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τραπεζιται); in Latin Argentarii; Mensarii; Nummularii. Dealers in money; money-changers; usurers; bankers; so called from the “table” (τράπεζα, mensa) on which they did their business.

I. Greek.—Bankers in Greece had their stands in the agora or other public places, and combined in their vocation a number of different pursuits. Thus, they gave change for coins of large denominations, as obols for drachmas; bought foreign money at a discount (καταλλάττω); furnished gold for export, lent money to merchants on the security of ships and cargoes, received money on deposit for which they paid interest, and acted as pawnbrokers, advancing cash on plate, jewels, and other personal property.

The notion of many Greeks that all taking of interest partook of the nature of usury was shared even by Aristotle ( Pol. i. 10, 4); yet, while not altogether escaping the reproach which attached to their calling as such, the higher class of bankers in many instances acquired much personal respect, and a high reputation for ability combined with honesty (Pro Phorm. p. 957.44); their credit enabled them to raise money at a moment's notice in distant cities (id. Contra Polycl. p. 1224.56). Such confidence was placed in them that sometimes business was transacted with them without witnesses; money and contracts of debt were deposited with them, and agreements were concluded or cancelled in their presence (Contra Callipp. p. 1242.24; Contra Dionysod. p. 1287.15). They thus became a sort of unofficial notaries-public.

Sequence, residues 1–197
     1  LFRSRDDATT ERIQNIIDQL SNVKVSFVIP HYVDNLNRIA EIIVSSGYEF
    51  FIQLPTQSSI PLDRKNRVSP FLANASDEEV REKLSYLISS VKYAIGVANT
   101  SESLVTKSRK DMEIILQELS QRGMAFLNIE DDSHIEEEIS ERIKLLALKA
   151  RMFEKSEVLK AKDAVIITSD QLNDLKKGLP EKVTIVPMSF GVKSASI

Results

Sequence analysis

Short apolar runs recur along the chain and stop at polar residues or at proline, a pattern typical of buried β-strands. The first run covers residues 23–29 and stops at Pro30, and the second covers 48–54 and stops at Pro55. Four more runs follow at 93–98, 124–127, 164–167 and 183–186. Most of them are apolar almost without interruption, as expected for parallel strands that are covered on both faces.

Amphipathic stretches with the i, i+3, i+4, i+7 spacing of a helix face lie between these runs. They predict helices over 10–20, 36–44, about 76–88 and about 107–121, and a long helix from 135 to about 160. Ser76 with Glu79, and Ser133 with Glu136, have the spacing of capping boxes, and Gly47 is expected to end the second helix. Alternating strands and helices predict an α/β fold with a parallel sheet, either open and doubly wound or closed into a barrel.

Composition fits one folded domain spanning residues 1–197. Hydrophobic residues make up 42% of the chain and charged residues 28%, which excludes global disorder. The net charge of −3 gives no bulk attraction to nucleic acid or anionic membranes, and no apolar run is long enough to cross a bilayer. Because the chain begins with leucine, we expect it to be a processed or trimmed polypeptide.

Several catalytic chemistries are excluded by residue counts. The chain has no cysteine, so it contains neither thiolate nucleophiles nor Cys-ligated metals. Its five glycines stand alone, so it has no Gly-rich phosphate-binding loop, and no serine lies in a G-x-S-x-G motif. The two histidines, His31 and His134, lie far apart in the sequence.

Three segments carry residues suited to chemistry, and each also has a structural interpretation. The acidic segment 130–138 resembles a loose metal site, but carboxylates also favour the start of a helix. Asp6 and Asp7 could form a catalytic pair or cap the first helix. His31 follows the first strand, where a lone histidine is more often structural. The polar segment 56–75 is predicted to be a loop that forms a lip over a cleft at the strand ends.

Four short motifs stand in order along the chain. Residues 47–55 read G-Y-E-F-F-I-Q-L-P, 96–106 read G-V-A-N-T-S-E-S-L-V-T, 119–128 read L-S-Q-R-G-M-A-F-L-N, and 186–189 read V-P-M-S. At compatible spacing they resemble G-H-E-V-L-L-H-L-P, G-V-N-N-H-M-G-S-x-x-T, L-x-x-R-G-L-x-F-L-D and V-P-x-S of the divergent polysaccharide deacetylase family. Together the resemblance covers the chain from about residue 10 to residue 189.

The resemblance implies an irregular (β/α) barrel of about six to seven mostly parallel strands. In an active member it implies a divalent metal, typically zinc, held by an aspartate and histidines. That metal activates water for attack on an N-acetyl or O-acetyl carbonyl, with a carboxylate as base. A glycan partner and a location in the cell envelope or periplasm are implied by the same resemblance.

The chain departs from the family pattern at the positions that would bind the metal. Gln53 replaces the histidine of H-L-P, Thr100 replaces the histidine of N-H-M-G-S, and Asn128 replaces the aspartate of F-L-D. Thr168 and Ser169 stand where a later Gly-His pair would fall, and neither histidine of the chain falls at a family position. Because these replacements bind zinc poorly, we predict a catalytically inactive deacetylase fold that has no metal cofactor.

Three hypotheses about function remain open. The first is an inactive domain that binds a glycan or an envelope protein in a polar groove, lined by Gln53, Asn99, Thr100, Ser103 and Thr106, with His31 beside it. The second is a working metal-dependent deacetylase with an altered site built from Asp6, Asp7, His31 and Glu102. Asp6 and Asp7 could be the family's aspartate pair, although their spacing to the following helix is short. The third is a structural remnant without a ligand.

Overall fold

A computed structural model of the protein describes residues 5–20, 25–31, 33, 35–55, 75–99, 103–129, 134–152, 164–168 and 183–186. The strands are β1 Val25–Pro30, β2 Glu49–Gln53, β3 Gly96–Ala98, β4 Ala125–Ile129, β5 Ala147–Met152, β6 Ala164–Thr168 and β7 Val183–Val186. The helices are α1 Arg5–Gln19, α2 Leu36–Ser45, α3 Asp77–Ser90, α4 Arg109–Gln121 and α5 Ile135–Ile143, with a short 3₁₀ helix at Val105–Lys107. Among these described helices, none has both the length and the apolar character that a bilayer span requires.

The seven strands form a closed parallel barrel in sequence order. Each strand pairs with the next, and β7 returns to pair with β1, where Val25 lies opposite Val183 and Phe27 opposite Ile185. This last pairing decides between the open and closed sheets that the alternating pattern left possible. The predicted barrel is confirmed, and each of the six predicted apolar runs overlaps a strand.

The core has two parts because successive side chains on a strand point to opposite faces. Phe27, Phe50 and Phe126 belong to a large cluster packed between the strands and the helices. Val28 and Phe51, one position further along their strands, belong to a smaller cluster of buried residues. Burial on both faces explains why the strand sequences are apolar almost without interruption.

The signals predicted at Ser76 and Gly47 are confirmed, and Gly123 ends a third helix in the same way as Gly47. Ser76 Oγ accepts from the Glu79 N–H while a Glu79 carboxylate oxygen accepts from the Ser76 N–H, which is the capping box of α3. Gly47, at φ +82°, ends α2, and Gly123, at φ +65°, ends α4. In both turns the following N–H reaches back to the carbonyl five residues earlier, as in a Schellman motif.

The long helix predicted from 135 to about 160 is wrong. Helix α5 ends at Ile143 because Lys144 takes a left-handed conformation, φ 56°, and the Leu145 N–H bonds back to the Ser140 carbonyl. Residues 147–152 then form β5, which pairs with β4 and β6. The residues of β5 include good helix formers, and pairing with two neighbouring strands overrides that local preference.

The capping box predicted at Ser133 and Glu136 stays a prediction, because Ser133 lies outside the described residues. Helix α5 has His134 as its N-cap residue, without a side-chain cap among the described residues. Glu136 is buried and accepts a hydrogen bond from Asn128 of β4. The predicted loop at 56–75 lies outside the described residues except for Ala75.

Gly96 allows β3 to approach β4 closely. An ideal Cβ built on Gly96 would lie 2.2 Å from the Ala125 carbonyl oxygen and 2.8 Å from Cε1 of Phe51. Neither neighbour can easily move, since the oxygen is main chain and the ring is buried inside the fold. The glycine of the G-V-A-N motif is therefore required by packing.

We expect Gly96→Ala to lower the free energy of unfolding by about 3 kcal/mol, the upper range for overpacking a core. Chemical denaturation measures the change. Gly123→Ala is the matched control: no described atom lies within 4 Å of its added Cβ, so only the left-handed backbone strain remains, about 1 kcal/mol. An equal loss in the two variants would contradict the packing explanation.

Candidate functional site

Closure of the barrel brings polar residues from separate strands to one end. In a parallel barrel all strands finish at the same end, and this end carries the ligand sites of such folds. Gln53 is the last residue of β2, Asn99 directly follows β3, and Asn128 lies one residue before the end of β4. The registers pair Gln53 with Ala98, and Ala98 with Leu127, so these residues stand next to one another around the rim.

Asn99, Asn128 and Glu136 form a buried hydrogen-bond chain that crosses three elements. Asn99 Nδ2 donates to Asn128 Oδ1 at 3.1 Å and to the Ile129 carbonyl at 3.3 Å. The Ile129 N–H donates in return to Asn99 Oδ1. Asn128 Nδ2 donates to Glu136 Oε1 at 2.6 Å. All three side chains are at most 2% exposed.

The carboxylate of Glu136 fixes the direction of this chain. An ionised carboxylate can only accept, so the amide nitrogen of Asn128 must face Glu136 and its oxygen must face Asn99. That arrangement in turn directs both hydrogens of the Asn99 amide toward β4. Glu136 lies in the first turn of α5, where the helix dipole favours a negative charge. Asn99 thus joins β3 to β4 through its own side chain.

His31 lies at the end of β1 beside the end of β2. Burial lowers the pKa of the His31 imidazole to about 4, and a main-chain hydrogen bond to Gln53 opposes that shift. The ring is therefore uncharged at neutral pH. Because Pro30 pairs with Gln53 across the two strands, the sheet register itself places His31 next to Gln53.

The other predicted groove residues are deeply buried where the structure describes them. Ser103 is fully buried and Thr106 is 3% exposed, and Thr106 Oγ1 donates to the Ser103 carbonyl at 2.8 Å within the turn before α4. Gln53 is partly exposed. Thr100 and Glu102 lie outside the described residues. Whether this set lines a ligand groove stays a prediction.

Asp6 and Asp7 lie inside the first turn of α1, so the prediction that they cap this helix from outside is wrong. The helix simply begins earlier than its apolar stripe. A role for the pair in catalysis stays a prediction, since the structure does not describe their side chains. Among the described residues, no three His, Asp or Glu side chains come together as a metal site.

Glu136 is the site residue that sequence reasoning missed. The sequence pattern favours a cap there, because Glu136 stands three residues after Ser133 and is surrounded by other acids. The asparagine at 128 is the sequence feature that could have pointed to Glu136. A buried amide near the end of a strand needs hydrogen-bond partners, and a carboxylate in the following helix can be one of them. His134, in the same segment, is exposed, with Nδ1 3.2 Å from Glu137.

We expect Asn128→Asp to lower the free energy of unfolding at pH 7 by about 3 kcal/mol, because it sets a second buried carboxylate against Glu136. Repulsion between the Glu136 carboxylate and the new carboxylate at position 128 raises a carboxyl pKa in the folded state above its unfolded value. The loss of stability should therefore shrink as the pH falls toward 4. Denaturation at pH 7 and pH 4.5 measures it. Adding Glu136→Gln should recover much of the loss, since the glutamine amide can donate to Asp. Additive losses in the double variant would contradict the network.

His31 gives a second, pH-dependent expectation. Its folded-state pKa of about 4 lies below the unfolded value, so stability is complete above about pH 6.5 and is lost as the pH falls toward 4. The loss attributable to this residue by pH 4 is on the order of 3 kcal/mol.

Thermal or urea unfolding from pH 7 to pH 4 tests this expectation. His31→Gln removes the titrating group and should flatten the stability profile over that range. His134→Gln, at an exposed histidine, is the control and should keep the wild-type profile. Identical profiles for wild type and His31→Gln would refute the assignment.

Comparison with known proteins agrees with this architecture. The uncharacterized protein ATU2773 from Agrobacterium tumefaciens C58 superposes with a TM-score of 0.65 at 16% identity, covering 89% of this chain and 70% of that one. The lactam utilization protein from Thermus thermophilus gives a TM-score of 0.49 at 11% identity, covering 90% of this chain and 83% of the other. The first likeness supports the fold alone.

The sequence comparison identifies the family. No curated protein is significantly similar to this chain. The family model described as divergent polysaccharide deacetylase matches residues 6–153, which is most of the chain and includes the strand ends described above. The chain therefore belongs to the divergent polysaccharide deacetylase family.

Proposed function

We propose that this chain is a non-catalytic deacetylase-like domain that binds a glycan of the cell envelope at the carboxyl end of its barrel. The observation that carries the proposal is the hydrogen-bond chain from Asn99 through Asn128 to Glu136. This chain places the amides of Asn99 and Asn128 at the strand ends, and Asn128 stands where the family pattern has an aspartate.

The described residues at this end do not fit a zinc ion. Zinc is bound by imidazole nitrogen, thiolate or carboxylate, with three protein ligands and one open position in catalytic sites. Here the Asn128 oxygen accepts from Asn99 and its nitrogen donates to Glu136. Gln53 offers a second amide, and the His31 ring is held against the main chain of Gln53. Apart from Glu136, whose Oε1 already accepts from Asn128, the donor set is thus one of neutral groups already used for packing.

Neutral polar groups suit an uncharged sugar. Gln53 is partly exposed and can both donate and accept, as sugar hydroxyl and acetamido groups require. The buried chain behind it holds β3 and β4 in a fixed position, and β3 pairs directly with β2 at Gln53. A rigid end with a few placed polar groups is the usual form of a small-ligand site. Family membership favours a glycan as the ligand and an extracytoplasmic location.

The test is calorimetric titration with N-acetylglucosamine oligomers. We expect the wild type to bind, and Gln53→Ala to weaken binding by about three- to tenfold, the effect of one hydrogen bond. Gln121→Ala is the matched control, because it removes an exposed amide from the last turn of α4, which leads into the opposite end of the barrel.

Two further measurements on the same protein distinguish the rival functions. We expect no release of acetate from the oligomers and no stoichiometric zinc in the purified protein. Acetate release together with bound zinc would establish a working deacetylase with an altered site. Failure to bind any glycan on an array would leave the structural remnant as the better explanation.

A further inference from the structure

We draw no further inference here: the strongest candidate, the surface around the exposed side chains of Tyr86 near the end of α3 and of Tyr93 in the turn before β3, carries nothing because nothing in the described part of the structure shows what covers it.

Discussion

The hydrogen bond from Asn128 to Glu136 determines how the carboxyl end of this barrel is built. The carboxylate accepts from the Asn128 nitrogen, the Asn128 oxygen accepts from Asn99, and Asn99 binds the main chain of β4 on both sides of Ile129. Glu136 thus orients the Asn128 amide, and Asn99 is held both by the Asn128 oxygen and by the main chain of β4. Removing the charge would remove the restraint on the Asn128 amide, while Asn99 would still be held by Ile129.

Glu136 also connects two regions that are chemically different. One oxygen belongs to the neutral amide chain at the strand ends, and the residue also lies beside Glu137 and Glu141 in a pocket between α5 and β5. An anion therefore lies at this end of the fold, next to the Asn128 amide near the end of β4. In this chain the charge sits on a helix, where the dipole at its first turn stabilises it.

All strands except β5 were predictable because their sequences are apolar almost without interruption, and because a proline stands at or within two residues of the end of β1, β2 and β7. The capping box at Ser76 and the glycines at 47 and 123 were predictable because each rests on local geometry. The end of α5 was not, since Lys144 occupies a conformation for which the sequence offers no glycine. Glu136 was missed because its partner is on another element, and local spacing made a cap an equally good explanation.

Before the rise of a banking system, the place of banks was to some extent supplied by the temples, which played no unimportant part in early Greek commerce. They were used as safe places for the deposit of treasure; and having large funds of their own, derived from the rent of their estates and from votive offerings, they employed productively both these and the sums confided to their care. Thus Clisthenes and the Alcmaeonidae borrowed from the Delphic sanctuary, with the consent of the Amphictyons, the funds with which the Pisistratidae were overthrown (Isocr. Antid. 232); and at the outbreak of the Peloponnesian War the Corinthians proposed to equip a fleet with loans effected at Delphi and Olympia (Thuc.i. 121). It has been thought that the temples confined themselves to State loans, and did not lend money to individuals: Büchsenschütz, however, has shown from the Delian Marmor Sandvicense (see Amphictyones) and other inscriptions that private persons enjoyed this accommodation. To the undoubted general rule that no banks were either worked or guaranteed by the State, an exception was imagined to exist at Byzantium on the strength of a passage in Aristotle ( Oecon. ii. 4, 4); but all that is really stated is that an impoverished government, among other expedients, sold a monopoly of money-changing to a particular bank.